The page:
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Legal Separation, Annulment, and Divorce: What Is the Difference?

Posted on in Divorce

Naperville divorce and legal separation lawyerMarriage is a legal union between two people, but when one or both of those people no longer wish to be in the marriage, they may feel it is necessary to get a divorce. However, there are other steps couples may take besides divorce, depending on their situation. In some cases, couples may choose legal separation or annulment. If you are considering ending your marriage, it is important to know the difference between legal separation, annulment, and divorce. 

Legal Separation

Couples who are considering a permanent split may separate for a time if they are trying to work through their differences. However, this is not the same as a legal separation. Legal separation is an agreement or decision that is specifically put in place by the court. It outlines the rights and obligations of each person in the relationship until further action is taken. Legal separation is not necessary if couples can agree on their rights and obligations while they are separated, but it can be a helpful step to take in case a disagreement arises over issues such as child custody, visitation, or property rights.


Annulment, also known as a judgment of invalidity, is the legal process of declaring that a marriage is not valid, essentially saying that the marriage never existed at all. A marriage may be annulled in Illinois if one partner did not consent to the marriage, was already married to another person, or was under the age of 18.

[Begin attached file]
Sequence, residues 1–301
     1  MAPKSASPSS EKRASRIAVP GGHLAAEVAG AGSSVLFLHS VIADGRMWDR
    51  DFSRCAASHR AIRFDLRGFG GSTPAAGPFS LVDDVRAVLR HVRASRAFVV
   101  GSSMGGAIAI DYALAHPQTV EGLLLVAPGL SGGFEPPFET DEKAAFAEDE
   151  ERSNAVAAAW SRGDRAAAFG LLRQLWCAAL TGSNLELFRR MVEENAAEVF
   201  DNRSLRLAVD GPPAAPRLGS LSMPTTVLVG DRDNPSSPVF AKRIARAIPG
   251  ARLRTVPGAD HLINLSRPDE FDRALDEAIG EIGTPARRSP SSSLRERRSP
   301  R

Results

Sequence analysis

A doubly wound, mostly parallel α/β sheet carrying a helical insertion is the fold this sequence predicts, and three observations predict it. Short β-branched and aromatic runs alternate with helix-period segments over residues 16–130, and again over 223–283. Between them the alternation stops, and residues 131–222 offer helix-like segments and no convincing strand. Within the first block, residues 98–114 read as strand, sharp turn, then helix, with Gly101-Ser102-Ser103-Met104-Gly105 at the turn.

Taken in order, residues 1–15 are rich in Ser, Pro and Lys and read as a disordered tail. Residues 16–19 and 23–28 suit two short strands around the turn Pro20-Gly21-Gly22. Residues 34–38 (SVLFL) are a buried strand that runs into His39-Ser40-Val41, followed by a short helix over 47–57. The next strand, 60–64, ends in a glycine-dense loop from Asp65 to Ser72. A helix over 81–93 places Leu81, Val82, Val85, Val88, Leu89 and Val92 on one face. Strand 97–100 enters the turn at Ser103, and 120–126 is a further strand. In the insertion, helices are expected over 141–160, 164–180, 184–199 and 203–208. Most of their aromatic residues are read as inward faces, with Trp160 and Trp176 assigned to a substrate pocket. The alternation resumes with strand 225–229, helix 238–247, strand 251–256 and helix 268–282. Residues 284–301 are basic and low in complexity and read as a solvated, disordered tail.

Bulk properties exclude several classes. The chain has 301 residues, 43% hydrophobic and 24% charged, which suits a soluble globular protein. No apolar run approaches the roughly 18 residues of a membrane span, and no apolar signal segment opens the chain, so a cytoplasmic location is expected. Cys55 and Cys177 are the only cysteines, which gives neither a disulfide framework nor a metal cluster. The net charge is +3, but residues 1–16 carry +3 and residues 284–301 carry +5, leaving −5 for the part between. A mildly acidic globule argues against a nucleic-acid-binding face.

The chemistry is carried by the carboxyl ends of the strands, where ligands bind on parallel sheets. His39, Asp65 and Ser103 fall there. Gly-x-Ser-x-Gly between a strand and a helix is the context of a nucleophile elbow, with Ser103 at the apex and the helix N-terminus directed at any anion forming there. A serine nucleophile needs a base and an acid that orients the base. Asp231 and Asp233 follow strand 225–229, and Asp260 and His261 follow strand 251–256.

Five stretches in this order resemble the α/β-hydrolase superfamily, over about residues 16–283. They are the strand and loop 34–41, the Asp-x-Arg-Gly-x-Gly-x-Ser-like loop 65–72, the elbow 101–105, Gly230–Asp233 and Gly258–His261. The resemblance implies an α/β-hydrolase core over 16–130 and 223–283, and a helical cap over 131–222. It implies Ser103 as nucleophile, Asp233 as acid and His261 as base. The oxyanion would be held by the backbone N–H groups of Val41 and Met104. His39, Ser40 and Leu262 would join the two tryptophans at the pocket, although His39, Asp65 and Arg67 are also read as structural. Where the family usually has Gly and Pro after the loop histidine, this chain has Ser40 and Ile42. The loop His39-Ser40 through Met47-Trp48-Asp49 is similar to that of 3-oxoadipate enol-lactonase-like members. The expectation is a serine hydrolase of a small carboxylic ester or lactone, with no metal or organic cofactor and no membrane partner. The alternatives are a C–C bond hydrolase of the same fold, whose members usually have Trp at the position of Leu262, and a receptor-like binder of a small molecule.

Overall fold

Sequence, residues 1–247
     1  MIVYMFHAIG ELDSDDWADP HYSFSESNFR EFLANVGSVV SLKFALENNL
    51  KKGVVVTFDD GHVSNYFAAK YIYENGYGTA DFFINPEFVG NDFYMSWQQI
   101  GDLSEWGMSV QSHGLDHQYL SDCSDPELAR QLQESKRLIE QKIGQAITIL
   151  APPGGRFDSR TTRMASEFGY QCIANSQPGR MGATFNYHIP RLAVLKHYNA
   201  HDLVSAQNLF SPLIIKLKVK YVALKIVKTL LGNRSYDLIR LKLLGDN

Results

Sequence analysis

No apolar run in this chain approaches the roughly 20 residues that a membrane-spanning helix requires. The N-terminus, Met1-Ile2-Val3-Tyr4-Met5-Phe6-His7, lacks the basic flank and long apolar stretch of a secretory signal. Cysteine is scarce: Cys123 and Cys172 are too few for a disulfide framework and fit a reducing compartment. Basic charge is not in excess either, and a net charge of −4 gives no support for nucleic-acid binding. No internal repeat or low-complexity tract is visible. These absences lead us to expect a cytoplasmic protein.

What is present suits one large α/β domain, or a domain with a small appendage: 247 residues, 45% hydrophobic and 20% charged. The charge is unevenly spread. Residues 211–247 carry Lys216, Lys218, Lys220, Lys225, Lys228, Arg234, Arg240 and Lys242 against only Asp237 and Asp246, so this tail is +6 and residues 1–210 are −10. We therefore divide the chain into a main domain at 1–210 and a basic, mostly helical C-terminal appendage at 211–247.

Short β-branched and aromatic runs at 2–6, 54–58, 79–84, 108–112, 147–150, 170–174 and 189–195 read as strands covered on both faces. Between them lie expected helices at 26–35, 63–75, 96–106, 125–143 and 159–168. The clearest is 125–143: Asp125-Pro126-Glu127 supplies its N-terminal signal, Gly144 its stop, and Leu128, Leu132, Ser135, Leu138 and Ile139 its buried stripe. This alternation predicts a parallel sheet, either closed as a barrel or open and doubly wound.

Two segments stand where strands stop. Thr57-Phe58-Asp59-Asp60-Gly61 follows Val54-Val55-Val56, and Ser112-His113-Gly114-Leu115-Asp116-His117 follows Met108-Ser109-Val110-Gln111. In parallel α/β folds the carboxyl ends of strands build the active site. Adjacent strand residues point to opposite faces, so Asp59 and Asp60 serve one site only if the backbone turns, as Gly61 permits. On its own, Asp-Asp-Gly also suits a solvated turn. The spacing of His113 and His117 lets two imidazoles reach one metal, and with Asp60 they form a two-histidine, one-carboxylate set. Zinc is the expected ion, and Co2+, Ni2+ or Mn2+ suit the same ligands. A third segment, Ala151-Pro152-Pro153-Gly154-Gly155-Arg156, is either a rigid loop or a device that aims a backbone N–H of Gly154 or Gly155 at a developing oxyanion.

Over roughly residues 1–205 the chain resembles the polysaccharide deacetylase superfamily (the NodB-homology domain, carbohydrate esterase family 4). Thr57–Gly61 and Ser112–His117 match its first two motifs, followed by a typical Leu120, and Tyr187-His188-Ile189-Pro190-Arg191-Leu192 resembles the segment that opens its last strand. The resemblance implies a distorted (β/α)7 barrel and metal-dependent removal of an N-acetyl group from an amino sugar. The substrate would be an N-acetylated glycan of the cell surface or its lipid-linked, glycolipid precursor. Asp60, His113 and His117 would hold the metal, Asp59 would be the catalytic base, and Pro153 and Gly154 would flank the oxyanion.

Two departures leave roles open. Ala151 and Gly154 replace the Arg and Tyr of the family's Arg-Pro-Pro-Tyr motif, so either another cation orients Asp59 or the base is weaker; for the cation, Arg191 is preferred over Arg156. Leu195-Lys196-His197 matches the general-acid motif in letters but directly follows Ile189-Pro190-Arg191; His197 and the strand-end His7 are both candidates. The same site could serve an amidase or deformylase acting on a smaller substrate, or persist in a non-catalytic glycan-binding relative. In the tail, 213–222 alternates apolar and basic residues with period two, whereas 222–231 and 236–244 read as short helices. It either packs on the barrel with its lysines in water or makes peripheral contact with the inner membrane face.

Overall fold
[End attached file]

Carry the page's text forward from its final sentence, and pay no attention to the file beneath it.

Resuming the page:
Different reasons for annulment also have different time limits for when the marriage can be annulled. The time limit for annulment is 90 days from when the problem is discovered for the following:

  • One party was forced into the marriage.
  • One party was mentally impaired or incapacitated (including being under the influence of drugs or alcohol) at the time of the marriage.

If a child gets married before they turn 18, that marriage can be annulled as long as the child is still under 18. If it is discovered that a spouse is married to another person, there is no time limit for the annulment. 


For most people who plan to end their marriage, divorce is the best option. Divorce is the legal method of saying that the marriage existed, and that it has ended. The only grounds for divorce that are recognized in Illinois are irreconcilable differences, which are defined as differences which have caused the marriage to break down to the point where all attempts at reconciliation have failed, and any future attempts at reconciliation would not be successful. Spouses who live “separate and apart” for at least six months are presumed to meet the requirements for irreconcilable differences in the eyes of the court.

Contact a Wheaton Divorce Attorney

If you are looking for a compassionate and knowledgeable attorney to help you with your legal separation, annulment, or divorce, Anderson & Associates, P.C. can provide you with the legal guidance you need. Our DuPage County divorce lawyers can help you navigate the complexities of the divorce process. Contact us today at 630-653-9400 for an initial consultation.





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